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the manifeft Signification of the Words, nor could they properly exprefs it by one fingle Word. As to the fecond, there are many Marks and Characters in this Description of the new World, which do not agree to the prefent one. Here is no perpetual Joy, nor are Weeping and Lamentation abfent; here is no fuch Longevity, nor quiet Dwelling, nor Spontaneous Fruitfulness of the Soil; nor laftly fuch Gentleness, nor innocent Behaviour of the Beasts. These are the Ornaments and Privileges of the new World, which are entirely different from the Properties of the prefent one. We meet with many of thefe things feparately in other Prophecies, which are here heaped together. (See Hofea ii. 18. Amos ix. 13. Joel ii. 18, 19, &c. Mic. iv. 3, &c.) And thus much may fuffice, as to the Characters of the new World. As for what concerns the third Head of Arguments, St. Peter and St. John, two facred Writers in the New Teftament, repeat and renew this prophetic Doctrine. The latter faw this Prophecy fulfilled in a Vision of the New Jerufalem. (Rev. xxi. 1, 2, 3, 4, 5.) And I saw a new Heaven and a new Earth, for the first Heaven and the firft Earth were paffed away; and there was no more Sea. And I John faw the holy City, new Ferusalem coming down from God, out of Heaven, prepared as a Bride adorned for her Husband. And I heard a great Voice out of Heaven, saying, &c. And God ball wipe away all Tears, &c. And he that fate upon the Throne faid, behold I make all things new.
Ifaiah and St. John fpeak about the very fame things, as will foon appear by comparing their Difcourfes together; they have the fame New Jerufalem in their Eye, full of Joy, and free from all Calamity. Ifaiah fays, that the former Heavens and Earth fhall be no more remembred; and St. John affirms that all former things are paffed away; thefe Defcriptions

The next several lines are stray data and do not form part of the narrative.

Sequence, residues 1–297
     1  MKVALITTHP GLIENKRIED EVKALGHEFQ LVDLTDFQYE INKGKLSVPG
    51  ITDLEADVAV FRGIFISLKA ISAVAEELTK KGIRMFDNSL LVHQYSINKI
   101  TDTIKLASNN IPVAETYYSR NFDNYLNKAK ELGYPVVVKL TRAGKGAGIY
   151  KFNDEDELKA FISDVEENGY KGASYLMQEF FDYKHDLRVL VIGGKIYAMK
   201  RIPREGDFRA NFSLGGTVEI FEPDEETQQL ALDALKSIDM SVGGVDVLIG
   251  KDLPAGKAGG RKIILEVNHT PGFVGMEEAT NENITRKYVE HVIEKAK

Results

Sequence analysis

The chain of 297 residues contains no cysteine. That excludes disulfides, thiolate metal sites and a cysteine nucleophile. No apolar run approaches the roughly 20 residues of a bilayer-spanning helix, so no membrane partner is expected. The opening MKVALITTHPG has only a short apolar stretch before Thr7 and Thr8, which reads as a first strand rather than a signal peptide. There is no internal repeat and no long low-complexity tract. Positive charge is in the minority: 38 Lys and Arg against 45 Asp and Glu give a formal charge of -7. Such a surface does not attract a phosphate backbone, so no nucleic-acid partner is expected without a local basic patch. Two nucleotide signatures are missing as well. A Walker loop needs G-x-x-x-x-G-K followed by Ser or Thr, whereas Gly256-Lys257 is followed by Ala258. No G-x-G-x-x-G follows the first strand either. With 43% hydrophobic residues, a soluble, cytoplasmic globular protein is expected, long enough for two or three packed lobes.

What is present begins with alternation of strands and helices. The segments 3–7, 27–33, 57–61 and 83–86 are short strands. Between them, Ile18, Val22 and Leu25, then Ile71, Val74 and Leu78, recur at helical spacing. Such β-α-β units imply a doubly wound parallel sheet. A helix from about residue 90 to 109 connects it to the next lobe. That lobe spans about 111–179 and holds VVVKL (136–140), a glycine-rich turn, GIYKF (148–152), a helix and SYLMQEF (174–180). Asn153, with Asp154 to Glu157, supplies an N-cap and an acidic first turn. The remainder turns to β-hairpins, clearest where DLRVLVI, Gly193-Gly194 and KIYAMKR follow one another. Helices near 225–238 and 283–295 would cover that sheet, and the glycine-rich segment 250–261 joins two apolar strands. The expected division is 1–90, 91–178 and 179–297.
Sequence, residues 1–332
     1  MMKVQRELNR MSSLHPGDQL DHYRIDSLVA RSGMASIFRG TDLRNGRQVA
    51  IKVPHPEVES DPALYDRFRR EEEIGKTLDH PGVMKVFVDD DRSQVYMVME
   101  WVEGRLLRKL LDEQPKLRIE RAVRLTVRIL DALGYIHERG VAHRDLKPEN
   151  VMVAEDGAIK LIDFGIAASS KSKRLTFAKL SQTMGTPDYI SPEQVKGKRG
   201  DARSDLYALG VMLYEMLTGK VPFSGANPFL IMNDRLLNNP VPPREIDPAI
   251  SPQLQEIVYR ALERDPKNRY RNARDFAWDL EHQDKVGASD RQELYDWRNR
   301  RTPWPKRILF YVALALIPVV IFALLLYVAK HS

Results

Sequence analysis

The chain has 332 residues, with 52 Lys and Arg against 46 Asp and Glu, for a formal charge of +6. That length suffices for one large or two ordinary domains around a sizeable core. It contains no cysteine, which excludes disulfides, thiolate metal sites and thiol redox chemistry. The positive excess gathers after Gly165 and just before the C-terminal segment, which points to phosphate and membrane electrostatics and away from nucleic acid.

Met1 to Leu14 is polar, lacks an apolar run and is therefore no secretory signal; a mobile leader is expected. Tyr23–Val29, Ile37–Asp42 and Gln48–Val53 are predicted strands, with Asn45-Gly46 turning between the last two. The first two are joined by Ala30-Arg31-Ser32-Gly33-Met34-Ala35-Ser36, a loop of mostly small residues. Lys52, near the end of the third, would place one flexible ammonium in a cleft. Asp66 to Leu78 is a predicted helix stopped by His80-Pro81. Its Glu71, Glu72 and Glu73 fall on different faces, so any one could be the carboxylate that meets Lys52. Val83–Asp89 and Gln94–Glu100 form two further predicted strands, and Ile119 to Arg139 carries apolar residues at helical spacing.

Descriptions anfwer as exactly to each other, as two Pictures of the fame Face, or two Reprefentations of the fame State of Nature, not drawn indeed by the fame Hand, but by Pencils of a like Nature.
Nor does St. Peter lefs regard this Place of Isaiah, when he admonishes us (2 Pet. iii. 13.) to look for new Heavens and a new Earth, according to the Promife of God. Now where has God promifed this new Creation fo clearly and fully as in the Prophecy of Ifaiah? And if we thus refer it, we have the Apoftle expounding the Prophet; both of them being divinely inspired. Now the Apostle interprets this Prophecy of Ifaiah, concerning the natural and material World; for he fays that the prefent Heavens and Earth, which are material, being confumed, the World shall be renewed, and different Heavens and Earth appear of a better Form indeed, but no lefs material. Which, I think, I have unanfwerably demonftrated in the foregoing Treatife. (c. x.) But to return again to Isaiah.
Here the Holy Spirit, in this and the following Chapter, feems firft to have opened the Mystery of the new World, and the Prophecies which concern it. As often as Ifaiah and other Prophets had foretold a Time when all wild Beafts fhould become gentle, and the Earth bring forth Corn without Labour; when a univerfal Peace and Tranquillity of Life should be established: Laftly, when the Face of the first Paradife fhould be renewed, and the Golden Age as it were reftored. All these Accounts were Riddles before the Discovery of this new World: Nor as yet have they had any Places, nor can they have in this prefent World. But now if after the Deftruction of this World, by the laft Conflagration a new one will revive at the fecond coming of the Meffiah, what hinders but that the new Creation fhould be according to the Model of the
the primeval or paradifaical World? And this being granted there will arife together with the Sun of Righteousness a new State of Things, and that Appearance and Constitution of Nature which anfwer to the Phænomena that were foretold, how wonderful foever. Now after what manner they do fo, and from what Caufes they arife, having already fhewed to the utmost of our Capacity in another Place, we fhall treat no farther on these Heads here.